WASH YOUR WALLS

NO, not with soapy wa­ter – in this con­text wash­ing your wall means to splash light across a sur­face, cre­at­ing the il­lu­sion that the whole room is aglow.

Con­sider ver­ti­cal light fix­ings, that send a warm light up­wards and down­wards, cre­at­ing a sheet-like glow across a wall. It’s bet­ter to bathe an area with one ef­fec­tive light source than pep­per it with unattrac­tive fix­ings.

STRUC­TURAL CHANGES

FOR those with the time, in­cli­na­tion and, most of all, the money, there are plenty of home im­prove­ments that can turn dingy dun­geon to gleam­ing green­house. Some are ob­vi­ous – more and big­ger win­dows, glass pa­tio doors and so on – but oth­ers are slightly less in­tu­itive.

Sky­lights are an oft-ne­glected sub-genre of win­dow – the light comes straight from source and can of­ten spread across the en­tire floor.

Thick-set, dark-coloured doors can keep nat­u­ral light from reach­ing the heart of your home, so con­sider glass pan­elling on in­ter­nal doors. Or go one bet­ter by em­brac­ing a more open-plan lay­out through­out your home.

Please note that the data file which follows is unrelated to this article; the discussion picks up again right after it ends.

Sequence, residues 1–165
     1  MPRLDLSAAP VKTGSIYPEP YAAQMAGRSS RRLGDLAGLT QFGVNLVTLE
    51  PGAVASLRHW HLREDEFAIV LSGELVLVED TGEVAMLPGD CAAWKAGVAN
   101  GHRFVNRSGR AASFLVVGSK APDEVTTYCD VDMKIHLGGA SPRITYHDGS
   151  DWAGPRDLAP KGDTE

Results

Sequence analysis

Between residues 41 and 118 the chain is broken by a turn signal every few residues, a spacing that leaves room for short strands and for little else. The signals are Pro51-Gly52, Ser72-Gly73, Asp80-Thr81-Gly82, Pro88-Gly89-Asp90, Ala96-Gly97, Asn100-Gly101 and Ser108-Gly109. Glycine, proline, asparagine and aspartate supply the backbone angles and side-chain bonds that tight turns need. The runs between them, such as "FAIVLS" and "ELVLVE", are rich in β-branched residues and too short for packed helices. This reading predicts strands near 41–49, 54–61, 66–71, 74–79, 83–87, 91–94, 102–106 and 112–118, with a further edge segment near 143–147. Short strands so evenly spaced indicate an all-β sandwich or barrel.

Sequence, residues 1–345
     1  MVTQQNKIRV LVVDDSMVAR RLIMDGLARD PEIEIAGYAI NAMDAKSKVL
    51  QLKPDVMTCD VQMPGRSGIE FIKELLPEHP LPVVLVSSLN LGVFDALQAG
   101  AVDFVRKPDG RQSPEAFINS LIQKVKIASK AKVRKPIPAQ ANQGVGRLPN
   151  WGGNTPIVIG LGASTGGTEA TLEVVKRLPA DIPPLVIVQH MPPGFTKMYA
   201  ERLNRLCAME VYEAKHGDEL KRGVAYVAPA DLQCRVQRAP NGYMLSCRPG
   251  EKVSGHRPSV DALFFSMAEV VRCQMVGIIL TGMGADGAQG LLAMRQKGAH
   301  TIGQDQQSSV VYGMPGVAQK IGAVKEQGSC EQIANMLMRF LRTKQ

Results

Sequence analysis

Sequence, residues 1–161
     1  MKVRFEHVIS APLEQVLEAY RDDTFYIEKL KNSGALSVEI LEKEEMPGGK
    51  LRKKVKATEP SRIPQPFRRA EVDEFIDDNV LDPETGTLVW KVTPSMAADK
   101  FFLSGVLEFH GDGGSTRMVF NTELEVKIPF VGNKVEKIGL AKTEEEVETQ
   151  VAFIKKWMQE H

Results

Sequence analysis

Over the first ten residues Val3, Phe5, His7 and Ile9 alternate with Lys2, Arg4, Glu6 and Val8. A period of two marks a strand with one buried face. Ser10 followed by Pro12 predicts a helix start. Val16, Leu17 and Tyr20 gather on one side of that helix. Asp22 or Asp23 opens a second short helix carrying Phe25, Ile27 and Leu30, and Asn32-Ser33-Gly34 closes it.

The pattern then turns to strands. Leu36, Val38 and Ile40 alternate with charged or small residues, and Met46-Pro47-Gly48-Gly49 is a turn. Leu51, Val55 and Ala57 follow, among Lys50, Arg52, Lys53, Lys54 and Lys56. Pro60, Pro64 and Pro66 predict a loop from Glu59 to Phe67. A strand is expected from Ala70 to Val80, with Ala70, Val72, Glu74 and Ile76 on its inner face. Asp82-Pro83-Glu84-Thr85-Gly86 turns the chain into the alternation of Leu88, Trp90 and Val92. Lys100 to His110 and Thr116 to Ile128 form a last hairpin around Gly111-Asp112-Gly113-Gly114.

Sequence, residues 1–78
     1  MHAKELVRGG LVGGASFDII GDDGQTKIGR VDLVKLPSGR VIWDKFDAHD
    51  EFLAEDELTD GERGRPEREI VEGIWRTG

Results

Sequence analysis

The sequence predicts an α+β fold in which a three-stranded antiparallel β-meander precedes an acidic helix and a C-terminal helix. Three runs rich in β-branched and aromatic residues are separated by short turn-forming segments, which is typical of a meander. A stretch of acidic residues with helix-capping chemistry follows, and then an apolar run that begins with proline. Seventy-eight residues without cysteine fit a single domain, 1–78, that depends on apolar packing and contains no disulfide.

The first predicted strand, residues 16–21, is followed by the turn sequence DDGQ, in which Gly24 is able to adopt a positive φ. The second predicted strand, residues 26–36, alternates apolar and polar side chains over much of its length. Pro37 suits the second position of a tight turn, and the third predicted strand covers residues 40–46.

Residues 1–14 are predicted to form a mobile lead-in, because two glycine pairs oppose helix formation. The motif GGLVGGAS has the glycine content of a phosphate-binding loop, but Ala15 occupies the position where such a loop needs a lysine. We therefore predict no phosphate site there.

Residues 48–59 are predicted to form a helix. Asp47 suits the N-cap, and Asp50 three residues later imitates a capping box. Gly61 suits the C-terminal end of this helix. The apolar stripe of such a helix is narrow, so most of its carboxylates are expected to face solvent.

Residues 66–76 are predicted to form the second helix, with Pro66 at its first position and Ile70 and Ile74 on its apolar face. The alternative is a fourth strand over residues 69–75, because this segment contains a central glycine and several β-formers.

Though not tra­di­tion­ally a light-emit­ting sur­face, even the floor can play its part. Opt­ing for pol­ished, well-fin­ished hard­wood, ce­ramic or stone can keep light ric­o­chet­ing off your in­te­ri­ors like an un­der­foot mir­ror.

Large win­dows, light paint­work and a pol­ished floor will make the most of ev­ery ray of sun­shine

Sky­lights are of­ten ne­glected, but they can de­liver a heav­enly, wide­spread glow

While the whole room might en­joy an am­bi­ent glow, a fo­cussed spot­light will make work­ing easy